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13k. year old site found on idaho river.

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posted on May, 12 2014 @ 02:48 PM
Archeologists have uncover a cach of stone points at a site along an Idaho river.

On a remote forest riverbank in northern Idaho, archaeologists have uncovered evidence of human occupation going back more than 13,500 years, adding to the signs of an increasingly ancient human presence in the Northwest, and fueling the debate about how the region’s earliest settlers got there.

The oldest evidence, found in test pits dug along the North Fork of the Clearwater River, includes a blade-like tool fashioned from a rock cobble and dozens of flakes left over from the tool-making process, known as debitage.

It appears as though this is a western stemmed tradition site

Western Stemmed Tradition.

The oldest of them dating to just over 11,000 years ago, these points are the signature of a culture whose traces have been found throughout the Great Basin and the Northwest.

Western Stemmed points discovered elsewhere have been dated to a similar range as the Idaho finds, and in some cases even earlier, including Oregon’s Paisley Caves, where samples have been dated, somewhat controversially, to more than 14,000 years old.

[Read about the latest research from Paisley Caves: "Ancient Feces From Oregon Cave Aren’t Human, Study Says, Adding to Debate on First Americans"]
Taken together, the range of artifacts found at the Idaho site, known as Kelly Forks, suggests long and regular use by ancient hunter-gatherers, primarily for making tools and processing game, according to Laura Longstaff of the University of Idaho, who reported her team’s findings at the annual meeting of the Montana Archaeological Society.

“There is enough material associated with the earliest dates to get an idea of the animals they hunted, tools they were making, stone they used at 13,000 years ago,” she said in an interview.

“And just having anything associated with these dates is enough to get excited about.”

Chemical analysis of the flake tool revealed it to have traces of proteins associated with rabbit flesh, she added, “so that means that people were using rabbit as a resource during the earliest occupation we encountered at the site, which is really cool.”

But the more recent, 11,000-year-old points found at Kelly Forks are equally significant, she said, because they add important new data to the mounting evidence of the Western Stemmed Tradition in the Northwest.

They may also shed light on the Tradition’s proximity, if any, to the Clovis, whose own unique tools found throughout North America suggest they were the first widespread culture on the continent.

edit on 12-5-2014 by punkinworks10 because: (no reason given)

edit on 12-5-2014 by punkinworks10 because: (no reason given)

edit on 12-5-2014 by punkinworks10 because: (no reason given)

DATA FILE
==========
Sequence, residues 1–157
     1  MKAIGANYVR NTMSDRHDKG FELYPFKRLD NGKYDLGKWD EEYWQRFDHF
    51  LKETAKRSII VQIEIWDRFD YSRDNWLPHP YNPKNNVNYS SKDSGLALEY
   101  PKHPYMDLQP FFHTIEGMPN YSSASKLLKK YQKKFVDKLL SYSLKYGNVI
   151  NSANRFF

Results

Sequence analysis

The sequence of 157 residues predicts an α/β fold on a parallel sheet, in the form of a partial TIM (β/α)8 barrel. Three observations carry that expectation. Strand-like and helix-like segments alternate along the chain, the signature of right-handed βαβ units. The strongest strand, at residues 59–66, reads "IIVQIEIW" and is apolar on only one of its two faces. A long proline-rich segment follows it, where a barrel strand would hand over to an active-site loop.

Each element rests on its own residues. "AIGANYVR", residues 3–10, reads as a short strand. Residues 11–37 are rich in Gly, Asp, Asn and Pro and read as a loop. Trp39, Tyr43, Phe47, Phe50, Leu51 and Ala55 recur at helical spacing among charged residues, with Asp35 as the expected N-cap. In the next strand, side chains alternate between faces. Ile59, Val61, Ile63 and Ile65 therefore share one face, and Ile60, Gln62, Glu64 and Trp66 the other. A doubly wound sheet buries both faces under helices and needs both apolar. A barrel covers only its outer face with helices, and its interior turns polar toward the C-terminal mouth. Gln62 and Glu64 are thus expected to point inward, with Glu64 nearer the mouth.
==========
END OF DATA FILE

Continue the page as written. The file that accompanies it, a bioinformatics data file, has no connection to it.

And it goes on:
edit on 12-5-2014 by punkinworks10 because: (no reason given)

posted on May, 12 2014 @ 02:58 PM
a reply to: punkinworks10

Here you go.

From the link:

“The special thing is that the volume of artifacts indicates that many different people were stopping there at different times of the year and maybe even just a few days apart.

“I think the region was an active place where people were constantly coming and going on their way to collect the next available resource, or on their way home for the winter.”

ETA: Sorry, thought you were done XD
edit on 5 12 2014 by JohnTheSmith because: ETA

posted on May, 12 2014 @ 03:02 PM
a reply to: JohnTheSmith
It'd all good
I'm posting from my mobile and it has a sketchy text editor that refreshes every time I open a new window, so I have to post what I've got on the clipboard immediately or I lose it, it's such a pain.

posted on May, 12 2014 @ 03:10 PM
I'm at lunch right now so I've just skimmed over the article, but it's very interesting, given that the western stemmed tradition predates clovis by a couple thousand years.
IMO, the western stemmed tradition represents actual Asiatic migrants that worked their way up the river drainages of the north west then back down into California and the great basin, and were the ancestors of some of the tribes of the west.

posted on May, 12 2014 @ 03:39 PM
a reply to: punkinworks10

There is exposed basalt near all volcanos in the region that the favorite material for arrowheads.
There are several YTers that show the complete process and are quite experts at doing the samples in your OP.
I am mobile today no in-bed.

posted on May, 12 2014 @ 04:01 PM
a reply to: Granite
There are some excellent modern flintknappers,
Fine grained basalt is a good stone,, but there are even better stones, and it's clear that Clovis utilized stones from hundreds off miles away.
In fact in the mythology of one of the central sierra tribes, the locations for different types of stone and what tool they are best for is related in the tale.
That distance has been used to make the point that these early people were extremely mobile. But it really looks like their was some sort I'd rudimentary trade network, not in the sense that we look at trade networks, but as different groups came across each other they may have exchanged goods.

posted on May, 12 2014 @ 10:33 PM
The carrier Indians of Anaheim |Lake BC traded volcanic rock from BC down to florida long ago...maybe they will find some of their obsidian too....

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